Social ostracism and discrimination, from anti-gay discrimination to simply being a little too introverted to fit into a high school or office environment, can cause a tremendous amount of emotional pain. While most emotions come and go, ongoing emotional stress can lead to chronic mood disorders, such as clinical depression or bipolar disorders.
Here are three healthier ways to manage your emotional pain rather than suppressing it or succumbing to its destructive influence on your life.
If you’ve had negative emotions for a long time, then you may no longer be able to manage your moods.
Your emotions control everything about you—how you think and behave. If, for instance, you feel sad all the time, then everything you see and experience contributes to your melancholy.
You may unintentionally do and say things that never lift your mood. You may also see the world around you as depressing. For instance, when driving through Los Angeles, your attention is only drawn to noticing the destitute and homeless people because you can only focus on what is not working within you and the world around you.
If you can’t shake off your depression, then you need the help of a counselor or therapist, someone professionally trained to help people break out of chronic negative emotions. Therapy can give you new insights and perspectives, offering you invaluable ways to restore your emotional health.
Chronic negative emotions arise because of past trauma. But your past does not have to define you. If, say, you’re a veteran or first responder who has turned to drugs or alcohol to numb the symptoms of your post-traumatic-stress-disorder, an organization like Desert Hope can provide psychological support to help you rebuild your life.
Start Your Own Healing Journey
Of course, not everyone needs therapy. You might have enough objectivity about your own emotions before starting your own healing journey.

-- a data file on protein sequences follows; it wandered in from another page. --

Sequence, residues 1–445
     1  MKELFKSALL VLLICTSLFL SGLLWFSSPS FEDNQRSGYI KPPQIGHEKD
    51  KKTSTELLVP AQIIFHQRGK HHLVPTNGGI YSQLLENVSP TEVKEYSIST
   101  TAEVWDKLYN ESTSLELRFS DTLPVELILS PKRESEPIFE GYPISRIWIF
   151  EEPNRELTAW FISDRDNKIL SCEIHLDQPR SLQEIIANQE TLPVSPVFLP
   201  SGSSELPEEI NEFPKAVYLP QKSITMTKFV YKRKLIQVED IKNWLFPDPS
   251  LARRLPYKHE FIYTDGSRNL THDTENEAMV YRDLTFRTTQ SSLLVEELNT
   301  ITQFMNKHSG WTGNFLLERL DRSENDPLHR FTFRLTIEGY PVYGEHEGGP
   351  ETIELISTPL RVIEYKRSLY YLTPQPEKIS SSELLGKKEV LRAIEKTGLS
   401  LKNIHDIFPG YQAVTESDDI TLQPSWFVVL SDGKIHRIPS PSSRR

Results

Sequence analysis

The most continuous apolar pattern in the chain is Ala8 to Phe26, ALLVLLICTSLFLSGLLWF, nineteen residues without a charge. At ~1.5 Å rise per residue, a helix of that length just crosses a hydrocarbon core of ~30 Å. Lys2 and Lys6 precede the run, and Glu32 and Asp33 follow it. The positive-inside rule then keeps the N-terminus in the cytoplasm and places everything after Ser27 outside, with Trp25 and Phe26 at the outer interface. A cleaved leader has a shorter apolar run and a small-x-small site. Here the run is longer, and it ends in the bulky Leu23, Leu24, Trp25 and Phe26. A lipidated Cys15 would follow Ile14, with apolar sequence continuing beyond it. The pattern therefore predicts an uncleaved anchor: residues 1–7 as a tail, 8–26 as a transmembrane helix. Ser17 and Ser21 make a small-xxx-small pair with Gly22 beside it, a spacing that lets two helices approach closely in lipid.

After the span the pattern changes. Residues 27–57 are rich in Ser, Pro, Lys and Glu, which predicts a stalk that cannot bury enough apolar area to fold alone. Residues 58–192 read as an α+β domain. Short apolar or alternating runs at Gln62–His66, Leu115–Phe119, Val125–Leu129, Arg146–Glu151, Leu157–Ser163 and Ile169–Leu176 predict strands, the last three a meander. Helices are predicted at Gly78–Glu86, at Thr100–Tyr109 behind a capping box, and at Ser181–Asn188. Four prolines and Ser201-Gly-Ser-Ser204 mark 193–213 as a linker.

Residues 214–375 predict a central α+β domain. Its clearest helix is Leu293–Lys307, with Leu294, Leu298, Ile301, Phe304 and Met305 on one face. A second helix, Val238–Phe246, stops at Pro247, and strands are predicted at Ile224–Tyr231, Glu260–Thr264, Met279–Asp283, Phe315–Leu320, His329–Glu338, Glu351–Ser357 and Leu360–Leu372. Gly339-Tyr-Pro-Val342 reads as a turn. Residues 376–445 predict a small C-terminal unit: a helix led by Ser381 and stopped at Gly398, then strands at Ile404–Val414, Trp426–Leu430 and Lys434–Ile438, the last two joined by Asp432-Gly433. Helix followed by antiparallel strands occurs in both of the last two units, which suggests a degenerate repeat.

Practice increasing your self-awareness by noticing what events trigger you and by taking full responsibility for your emotions, which means not blaming other people for how you feel and accepting all your emotions as a natural expression of your own nature.
Often awareness about your own emotions is enough to help you become better at managing your emotions.
Replace Negative Thoughts & Feelings With Constructive Action
Here are some examples of how to express your emotions or change them without repressing or suppressing them:
- If you feel sad after watching a movie, allow yourself to cry.
- If you feel frustrated and angry after a stressful day at work, learn how to change your mood when you get home by doing something constructive and fun, like pursuing a hobby.
- If you feel negative about your life, perhaps lethargic and bored and tired, then go to the gym and get some healthy exercise. This will get your blood flowing and release endorphins.
Managing Vs. Suppressing Emotions
There is an enormous difference between managing your emotions and trying to suppress them.
Unfortunately, most people default to suppressing their negative emotions because they feel so uncomfortable. While this might make the emotions temporarily disappear, they will reappear again, perhaps even more strongly and more uncomfortable than before. Over time, ignoring your emotions can even cause physical health issues.
If you’re overwhelmed by your own emotions and don’t know how to handle them, make an appointment with a therapist. And if you’re not overwhelmed by your emotions but still have plenty of negative feelings about many things, you can start an emotional healing journey by increasing your self-awareness and replacing cynical attitudes and dysfunctional behaviors with a more accepting and tolerant attitude. Finally, you can also start focusing on other things when you start feeling negative, such as getting more exercise to shake off feelings of anxiety or depression.